Quote:Jews have been the vanguard of an effort to “transform Christmastime into a holiday season belonging to all Americans,” without religious exclusivity.  The most important Jewish mechanisms of secularization are comedy and parody, for laughter undermines religious awe.  Take, for example, Hanukkah Harry from “Saturday Night Live”, who heroically steps in for a bedridden Santa by delivering presents from a cart pulled by donkeys named Moishe, Hershel, and Shlomo.  Remarkably, Hanukkah Harry has emerged as a real Santa-alternative for many American Jews.  Plaut sees such things not as attempts at assimilation but as an intentional subversion of Christmas traditions.  “Through these parodies,” he writes, “Jews could envision not having to be captivated by the allure of ubiquitous Christmas symbols.”  And it isn’t just Jews: for Americans in general, Jewish parody helps ensure that Christmas “not be taken too seriously” and that the celebrations of other traditions “be accorded equal respect and opportunity.”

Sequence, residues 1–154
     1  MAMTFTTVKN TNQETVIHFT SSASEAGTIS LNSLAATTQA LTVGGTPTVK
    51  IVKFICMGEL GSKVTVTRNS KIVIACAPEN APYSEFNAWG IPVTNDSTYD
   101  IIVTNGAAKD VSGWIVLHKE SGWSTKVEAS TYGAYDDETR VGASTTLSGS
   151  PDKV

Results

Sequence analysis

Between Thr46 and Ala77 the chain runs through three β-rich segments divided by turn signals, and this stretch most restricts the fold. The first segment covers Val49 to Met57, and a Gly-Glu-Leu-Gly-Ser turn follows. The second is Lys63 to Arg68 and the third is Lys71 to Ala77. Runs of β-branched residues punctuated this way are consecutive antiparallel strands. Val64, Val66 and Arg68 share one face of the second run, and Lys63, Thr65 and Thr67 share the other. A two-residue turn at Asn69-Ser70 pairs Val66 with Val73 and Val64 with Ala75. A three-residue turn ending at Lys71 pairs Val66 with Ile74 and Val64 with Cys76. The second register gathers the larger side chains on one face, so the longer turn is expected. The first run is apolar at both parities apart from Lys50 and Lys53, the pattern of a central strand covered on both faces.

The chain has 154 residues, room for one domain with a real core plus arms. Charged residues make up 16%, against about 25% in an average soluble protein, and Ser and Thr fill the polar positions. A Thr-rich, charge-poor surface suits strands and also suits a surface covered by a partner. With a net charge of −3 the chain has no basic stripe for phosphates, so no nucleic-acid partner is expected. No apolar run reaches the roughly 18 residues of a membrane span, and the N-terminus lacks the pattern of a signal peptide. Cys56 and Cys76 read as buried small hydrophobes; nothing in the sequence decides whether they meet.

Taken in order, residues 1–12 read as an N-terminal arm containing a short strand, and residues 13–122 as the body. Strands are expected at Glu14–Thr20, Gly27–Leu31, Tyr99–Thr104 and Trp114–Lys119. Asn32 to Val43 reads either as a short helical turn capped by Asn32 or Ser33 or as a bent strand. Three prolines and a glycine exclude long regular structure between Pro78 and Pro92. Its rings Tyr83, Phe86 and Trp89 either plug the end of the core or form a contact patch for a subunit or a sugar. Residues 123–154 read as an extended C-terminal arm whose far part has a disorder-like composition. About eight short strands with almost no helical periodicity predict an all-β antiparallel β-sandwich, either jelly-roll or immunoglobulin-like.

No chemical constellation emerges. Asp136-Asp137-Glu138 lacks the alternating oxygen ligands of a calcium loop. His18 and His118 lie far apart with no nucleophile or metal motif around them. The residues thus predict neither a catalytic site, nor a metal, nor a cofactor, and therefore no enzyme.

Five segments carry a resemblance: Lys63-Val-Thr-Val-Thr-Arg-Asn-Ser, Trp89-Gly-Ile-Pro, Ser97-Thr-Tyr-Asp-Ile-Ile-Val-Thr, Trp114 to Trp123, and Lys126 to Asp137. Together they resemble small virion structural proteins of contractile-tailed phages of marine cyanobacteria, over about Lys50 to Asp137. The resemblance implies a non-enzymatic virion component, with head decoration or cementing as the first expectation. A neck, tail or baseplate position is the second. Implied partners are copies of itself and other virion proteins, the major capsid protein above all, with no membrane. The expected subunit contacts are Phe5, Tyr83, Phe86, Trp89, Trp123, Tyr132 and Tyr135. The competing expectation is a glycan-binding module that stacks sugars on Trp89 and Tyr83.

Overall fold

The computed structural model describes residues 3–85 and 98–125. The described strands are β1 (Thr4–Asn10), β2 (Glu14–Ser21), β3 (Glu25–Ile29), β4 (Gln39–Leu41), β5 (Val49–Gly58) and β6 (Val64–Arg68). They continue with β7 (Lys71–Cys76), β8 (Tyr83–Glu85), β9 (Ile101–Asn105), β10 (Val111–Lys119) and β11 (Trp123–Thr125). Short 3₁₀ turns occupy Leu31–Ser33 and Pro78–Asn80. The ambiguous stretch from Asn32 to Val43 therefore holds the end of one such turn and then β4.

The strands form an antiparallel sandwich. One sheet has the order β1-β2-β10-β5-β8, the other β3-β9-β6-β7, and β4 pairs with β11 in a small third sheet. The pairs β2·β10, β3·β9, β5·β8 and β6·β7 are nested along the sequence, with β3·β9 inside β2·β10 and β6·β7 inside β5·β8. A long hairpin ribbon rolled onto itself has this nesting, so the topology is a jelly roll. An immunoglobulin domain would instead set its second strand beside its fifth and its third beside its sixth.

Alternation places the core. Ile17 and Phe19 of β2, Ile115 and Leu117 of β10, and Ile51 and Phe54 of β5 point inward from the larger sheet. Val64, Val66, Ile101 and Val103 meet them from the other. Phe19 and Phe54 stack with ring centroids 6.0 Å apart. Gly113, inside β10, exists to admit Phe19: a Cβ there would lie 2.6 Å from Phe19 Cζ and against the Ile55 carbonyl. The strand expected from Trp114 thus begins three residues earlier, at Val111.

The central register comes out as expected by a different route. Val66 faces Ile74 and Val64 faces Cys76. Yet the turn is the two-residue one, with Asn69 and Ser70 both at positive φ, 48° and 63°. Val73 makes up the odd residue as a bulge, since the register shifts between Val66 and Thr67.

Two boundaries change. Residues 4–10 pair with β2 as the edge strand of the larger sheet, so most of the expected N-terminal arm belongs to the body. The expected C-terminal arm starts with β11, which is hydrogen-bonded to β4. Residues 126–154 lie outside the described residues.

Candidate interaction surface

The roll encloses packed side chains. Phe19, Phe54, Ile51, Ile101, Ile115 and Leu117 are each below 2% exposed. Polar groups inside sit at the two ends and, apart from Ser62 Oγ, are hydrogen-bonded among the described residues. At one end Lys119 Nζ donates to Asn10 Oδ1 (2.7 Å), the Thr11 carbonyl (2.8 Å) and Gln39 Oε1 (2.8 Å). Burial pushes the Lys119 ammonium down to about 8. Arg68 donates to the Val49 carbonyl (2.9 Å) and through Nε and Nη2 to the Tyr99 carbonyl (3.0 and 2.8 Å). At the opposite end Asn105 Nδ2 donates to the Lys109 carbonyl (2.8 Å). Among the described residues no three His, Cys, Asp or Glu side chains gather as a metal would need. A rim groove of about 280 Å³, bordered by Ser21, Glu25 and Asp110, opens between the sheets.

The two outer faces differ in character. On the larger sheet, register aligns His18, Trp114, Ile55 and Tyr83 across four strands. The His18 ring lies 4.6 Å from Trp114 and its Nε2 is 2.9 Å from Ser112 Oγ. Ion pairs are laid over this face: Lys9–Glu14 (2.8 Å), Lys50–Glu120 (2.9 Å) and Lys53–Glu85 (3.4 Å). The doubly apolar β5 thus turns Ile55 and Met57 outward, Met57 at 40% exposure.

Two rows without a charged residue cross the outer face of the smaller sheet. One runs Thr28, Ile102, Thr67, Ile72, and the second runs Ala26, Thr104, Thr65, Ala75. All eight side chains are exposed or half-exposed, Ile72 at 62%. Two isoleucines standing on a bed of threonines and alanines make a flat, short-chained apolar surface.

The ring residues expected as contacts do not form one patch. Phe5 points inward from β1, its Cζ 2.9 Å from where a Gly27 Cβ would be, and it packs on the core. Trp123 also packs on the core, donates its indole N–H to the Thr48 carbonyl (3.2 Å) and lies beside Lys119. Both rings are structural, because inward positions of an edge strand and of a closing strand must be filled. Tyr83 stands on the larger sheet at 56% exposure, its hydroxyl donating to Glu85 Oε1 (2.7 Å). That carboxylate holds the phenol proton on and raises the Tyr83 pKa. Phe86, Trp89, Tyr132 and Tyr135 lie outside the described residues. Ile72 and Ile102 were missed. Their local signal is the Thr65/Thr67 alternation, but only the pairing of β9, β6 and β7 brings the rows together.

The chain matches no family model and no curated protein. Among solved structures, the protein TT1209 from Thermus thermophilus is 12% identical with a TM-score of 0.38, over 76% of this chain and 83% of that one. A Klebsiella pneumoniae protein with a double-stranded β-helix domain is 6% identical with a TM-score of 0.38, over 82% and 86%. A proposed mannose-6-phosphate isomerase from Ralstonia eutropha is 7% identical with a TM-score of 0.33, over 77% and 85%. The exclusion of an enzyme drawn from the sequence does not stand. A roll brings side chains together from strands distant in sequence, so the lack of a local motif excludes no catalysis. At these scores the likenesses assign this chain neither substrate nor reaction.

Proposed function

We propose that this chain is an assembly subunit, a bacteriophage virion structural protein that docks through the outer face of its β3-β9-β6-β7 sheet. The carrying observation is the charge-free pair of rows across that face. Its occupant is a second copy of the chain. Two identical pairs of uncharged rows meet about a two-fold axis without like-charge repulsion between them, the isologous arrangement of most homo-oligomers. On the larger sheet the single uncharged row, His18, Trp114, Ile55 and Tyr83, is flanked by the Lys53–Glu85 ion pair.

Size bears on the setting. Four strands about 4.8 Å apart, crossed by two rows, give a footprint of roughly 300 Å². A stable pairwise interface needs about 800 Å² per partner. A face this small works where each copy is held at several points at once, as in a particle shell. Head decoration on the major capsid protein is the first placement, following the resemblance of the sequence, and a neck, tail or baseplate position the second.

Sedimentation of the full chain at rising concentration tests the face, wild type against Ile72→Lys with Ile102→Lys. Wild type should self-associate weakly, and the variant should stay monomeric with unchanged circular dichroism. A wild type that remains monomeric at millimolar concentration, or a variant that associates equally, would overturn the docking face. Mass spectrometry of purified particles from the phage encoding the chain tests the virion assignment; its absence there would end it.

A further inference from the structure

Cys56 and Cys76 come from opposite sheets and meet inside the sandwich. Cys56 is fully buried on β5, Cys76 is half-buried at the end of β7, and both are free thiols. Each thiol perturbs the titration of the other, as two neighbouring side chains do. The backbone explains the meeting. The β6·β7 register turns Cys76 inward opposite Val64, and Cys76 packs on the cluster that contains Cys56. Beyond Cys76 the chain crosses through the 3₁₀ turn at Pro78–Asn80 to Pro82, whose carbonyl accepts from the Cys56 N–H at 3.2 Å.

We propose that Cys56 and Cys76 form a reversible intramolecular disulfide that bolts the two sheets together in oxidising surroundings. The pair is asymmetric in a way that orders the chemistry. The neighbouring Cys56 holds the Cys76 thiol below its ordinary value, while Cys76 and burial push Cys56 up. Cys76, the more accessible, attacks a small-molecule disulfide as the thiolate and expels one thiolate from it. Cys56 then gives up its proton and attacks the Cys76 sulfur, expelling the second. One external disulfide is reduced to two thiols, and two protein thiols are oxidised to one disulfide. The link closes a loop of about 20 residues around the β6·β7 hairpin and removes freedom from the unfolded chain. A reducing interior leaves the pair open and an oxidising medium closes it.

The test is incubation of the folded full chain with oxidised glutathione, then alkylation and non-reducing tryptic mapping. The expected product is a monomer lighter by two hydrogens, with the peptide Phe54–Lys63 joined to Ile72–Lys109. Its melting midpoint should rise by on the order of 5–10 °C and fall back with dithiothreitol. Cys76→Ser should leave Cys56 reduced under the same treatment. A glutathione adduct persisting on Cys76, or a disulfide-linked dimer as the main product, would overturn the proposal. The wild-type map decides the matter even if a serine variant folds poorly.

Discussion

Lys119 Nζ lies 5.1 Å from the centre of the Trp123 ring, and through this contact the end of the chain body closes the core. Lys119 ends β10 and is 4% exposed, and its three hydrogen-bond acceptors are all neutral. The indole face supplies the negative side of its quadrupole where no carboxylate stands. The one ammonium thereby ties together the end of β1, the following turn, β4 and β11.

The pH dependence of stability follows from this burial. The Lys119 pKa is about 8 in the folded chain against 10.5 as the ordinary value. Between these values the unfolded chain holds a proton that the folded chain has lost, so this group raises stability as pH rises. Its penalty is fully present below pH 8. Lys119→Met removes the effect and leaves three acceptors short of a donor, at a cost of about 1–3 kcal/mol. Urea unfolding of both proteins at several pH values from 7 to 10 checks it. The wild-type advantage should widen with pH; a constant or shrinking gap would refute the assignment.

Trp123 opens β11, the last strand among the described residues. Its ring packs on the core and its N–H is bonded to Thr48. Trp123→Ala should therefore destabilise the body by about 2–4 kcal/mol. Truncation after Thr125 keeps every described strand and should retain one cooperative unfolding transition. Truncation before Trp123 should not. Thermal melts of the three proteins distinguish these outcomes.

(12-21-2014, 04:48 AM)Cyriacus Wrote: [ -> ]That was a very snarky editorial. It could have been said in a more tactful manner, and it has been said in the past. A rabbi, Joshua Eli Plaut, wrote a book a couple years ago about how American Jews, using satire, Chanukkah, and secularization, have led the way in transforming Christmas in the United States into a broader, less religiously-oriented observance.

http://www.amazon.com/Kosher-Christmas-T...0813553806

The book is summarized in this review by Ethan Schwartz of Jewish Ideas Daily.
http://www.jewishideasdaily.com/5633/fea...christmas/